Memorable | One of the Best
Purdys Farmer & the Fish
Review by: Michael Stern
Believe the name of this restaurant. The salad you eat is grown in a terraced field out back. The fish comes from a co-owner’s seafood business, most of it from nearby waters. Describing itself as a “community oriented restaurant where people can meet and enjoy reasonably priced, locally grown food and high quality seafood,” Purdys Farmer & the Fish is a casual destination for anyone who appreciates the freshest possible food made with skill and style and served in helter-skelter dining rooms that ring with cheer. Located in an old farmhouse and surrounded by effulgent blossoming plants, it has earned tremendous kudos (and sometimes long waits for a table) since opening in 2012.
On the Roadfood scale, the “reasonably priced” meals are a splurge. Entrees go for $25-30; but you can get a soft-shell crab sandwich or Big Eye tuna burger for under $20. A block of Scottish salmon, perched atop a base of black barley with a subtle sweet twist, along with baby beets, turnips, and carrots, seems worth every penny of its $24 tariff. The impeccably fresh salmon, cooked medium rare as ordered, is velvet-soft except at its well-seasoned, crusty edges – a true melt-in-the-mouth dish. A lobster roll, available either cool with lemon aioli and cucumbers or warm with only butter, contains massive chunks of juicy meat from tail, claw, and knuckle. The bun is a bore, but who cares? The meat is ocean-sweet. On the side come glorious steak fries – great logs of spud that are crisp-skinned and creamy inside.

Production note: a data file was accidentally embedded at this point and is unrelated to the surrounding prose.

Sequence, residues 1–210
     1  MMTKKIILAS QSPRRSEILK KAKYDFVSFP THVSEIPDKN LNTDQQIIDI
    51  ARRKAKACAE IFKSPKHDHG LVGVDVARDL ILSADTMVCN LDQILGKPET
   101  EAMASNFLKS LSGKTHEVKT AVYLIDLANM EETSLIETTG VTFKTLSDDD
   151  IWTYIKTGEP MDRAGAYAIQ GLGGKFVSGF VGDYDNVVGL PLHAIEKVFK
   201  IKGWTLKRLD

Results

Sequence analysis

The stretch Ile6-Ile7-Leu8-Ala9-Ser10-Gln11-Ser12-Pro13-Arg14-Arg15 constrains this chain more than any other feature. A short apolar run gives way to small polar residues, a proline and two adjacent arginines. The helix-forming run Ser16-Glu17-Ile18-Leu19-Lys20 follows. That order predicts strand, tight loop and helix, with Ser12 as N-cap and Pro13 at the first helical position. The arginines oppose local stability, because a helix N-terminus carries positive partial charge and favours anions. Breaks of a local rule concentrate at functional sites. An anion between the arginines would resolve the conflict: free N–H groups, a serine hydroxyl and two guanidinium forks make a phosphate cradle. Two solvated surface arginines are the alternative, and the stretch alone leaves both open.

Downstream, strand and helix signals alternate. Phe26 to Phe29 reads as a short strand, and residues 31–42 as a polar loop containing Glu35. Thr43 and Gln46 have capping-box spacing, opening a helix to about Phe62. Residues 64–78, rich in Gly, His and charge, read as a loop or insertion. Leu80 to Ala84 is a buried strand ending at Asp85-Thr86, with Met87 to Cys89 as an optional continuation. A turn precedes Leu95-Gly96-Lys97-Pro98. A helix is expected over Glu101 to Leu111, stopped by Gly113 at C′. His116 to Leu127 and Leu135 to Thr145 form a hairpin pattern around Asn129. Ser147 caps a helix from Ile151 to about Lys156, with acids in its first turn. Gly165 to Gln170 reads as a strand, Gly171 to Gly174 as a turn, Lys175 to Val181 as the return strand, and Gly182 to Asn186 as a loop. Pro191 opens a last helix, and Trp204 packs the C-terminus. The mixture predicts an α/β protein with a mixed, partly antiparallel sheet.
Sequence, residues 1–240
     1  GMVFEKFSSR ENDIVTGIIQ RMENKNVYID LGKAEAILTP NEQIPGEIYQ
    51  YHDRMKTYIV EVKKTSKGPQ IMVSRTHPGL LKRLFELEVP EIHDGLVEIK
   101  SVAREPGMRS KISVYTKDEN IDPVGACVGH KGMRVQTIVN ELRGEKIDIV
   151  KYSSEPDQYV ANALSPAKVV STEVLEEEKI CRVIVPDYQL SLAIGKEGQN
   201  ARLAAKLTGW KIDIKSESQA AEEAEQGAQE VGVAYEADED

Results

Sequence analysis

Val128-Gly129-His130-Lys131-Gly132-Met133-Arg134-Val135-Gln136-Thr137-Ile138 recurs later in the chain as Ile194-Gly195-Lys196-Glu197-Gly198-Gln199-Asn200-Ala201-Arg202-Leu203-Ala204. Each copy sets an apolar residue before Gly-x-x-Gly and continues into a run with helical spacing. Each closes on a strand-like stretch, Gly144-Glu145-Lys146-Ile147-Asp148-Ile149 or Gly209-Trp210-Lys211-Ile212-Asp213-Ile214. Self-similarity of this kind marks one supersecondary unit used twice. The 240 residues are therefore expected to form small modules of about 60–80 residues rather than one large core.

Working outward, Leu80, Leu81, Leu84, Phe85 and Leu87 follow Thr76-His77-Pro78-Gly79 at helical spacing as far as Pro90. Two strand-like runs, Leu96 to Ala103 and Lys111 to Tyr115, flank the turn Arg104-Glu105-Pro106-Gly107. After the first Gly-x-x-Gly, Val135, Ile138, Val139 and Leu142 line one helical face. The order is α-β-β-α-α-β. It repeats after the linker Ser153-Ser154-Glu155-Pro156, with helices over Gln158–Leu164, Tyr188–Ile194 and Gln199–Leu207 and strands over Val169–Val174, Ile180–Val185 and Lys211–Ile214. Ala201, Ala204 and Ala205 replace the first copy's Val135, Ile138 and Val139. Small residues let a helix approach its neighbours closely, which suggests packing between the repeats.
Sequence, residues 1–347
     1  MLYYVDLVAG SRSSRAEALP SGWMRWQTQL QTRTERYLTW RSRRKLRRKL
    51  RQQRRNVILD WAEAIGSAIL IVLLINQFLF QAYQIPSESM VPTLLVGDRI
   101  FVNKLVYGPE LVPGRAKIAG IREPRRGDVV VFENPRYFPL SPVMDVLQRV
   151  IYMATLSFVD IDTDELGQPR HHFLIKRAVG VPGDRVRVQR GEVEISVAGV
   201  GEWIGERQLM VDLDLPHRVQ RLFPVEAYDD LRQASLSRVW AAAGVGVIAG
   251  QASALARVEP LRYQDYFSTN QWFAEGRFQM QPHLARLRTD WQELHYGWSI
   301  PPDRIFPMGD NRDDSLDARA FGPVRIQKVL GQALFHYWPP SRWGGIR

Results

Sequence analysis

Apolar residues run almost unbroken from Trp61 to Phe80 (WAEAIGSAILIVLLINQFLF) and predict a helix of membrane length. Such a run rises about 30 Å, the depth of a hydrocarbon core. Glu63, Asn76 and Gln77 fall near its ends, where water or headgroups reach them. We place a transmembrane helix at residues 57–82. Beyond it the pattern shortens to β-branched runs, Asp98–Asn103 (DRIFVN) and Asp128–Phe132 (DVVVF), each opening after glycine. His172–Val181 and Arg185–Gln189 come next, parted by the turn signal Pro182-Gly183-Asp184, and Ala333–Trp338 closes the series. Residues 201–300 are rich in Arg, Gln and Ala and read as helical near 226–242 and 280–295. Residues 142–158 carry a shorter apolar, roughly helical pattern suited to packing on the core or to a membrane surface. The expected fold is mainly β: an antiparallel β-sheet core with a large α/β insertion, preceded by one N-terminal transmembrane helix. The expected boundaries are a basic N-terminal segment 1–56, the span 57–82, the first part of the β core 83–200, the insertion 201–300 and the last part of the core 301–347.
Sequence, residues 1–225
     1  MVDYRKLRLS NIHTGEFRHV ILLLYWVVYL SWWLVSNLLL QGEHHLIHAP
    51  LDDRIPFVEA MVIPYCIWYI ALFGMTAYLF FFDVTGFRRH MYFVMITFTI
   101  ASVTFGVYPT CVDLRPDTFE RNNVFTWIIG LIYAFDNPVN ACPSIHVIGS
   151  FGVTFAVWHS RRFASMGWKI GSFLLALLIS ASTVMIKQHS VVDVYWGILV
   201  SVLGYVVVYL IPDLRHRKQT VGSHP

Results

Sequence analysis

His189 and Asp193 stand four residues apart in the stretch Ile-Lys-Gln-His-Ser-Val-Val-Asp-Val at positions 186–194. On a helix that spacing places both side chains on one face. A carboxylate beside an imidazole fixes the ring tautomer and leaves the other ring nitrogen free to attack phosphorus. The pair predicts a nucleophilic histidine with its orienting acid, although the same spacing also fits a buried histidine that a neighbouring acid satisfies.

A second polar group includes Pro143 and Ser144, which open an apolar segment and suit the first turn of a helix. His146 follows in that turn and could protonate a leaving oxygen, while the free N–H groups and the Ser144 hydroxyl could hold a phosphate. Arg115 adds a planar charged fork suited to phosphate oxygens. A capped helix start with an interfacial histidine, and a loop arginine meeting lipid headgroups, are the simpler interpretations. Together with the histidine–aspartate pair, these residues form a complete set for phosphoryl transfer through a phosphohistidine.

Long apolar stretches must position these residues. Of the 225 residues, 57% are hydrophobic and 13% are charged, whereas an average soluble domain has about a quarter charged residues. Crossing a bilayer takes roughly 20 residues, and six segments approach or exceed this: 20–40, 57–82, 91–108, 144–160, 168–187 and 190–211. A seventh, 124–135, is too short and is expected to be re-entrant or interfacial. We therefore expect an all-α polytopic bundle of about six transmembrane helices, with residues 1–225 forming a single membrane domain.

Among hors d’oeuvre, I was particularly impressed by calamari veiled in an elegant thin crust, each little circle shockingly tender (no rubber here), delivering that subtle seafood taste that even a fish frowner could love. An order of Buffalo shrimp is three breaded colossals on a field of piquant hot sauce scattered with blue cheese, presented with a ramekin of cool ranch dressing. One of the most amazing starters is cucumber salad, an off-the-menu special in which the bright, sunny flavor of just-picked cukes is tangled with other garden greens in a pool of cucumber squeezin’s that is like high-proof vegetable liqueur. On the subject of appetizers, a full raw bar menu offers East Coast and West Coast oysters, clams, shrimp or lobster cocktails, crab legs and cornucopic “seafood towers” for two or more people.
There is a nice card of desserts with some wild chocolate creations, but if it’s summer, I am going for freshly-picked berries with just-whipped cream – a fitting end to a truly farm-fresh meal.
|Meals Served||Lunch, Dinner|
|Credit Cards Accepted||Yes|